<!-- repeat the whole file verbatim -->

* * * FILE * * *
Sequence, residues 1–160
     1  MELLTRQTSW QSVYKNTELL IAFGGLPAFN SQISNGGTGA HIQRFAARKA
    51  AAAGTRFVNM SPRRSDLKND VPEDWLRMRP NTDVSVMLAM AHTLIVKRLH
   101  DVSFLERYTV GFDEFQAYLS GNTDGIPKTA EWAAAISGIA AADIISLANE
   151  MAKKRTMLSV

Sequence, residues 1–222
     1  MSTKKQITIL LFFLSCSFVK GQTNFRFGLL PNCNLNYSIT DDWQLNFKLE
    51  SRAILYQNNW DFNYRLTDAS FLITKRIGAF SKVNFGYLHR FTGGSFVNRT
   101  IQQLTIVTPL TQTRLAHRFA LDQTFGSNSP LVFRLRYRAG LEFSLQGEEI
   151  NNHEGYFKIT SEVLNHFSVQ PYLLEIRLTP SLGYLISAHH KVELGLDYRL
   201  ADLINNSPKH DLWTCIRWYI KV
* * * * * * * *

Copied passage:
Sequence, residues 1–160
     1  MELLTRQTSW QSVYKNTELL IAFGGLPAFN SQISNGGTGA HIQRFAARKA
    51  AAAGTRFVNM SPRRSDLKND VPEDWLRMRP NTDVSVMLAM AHTLIVKRLH
   101  DVSFLERYTV GFDEFQAYLS GNTDGIPKTA EWAAAISGIA AADIISLANE
   151  MAKKRTMLSV

Sequence, residues 1–222
     1  MSTKKQITIL LFFLSCSFVK GQTNFRFGLL PNCNLNYSIT DDWQLNFKLE
    51  SRAILYQNNW DFNYRLTDAS FLITKRIGAF SKVNFGYLHR FTGGSFVNRT
   101  IQQLTIVTPL TQTRLAHRFA LDQTFGSNSP LVFRLRYRAG LEFSLQGEEI
   151  NNHEGYFKIT SEVLNHFSVQ PYLLEIRLTP SLGYLISAHH KVELGLDYRL
   201  ADLINNSPKH DLWTCIRWYI KV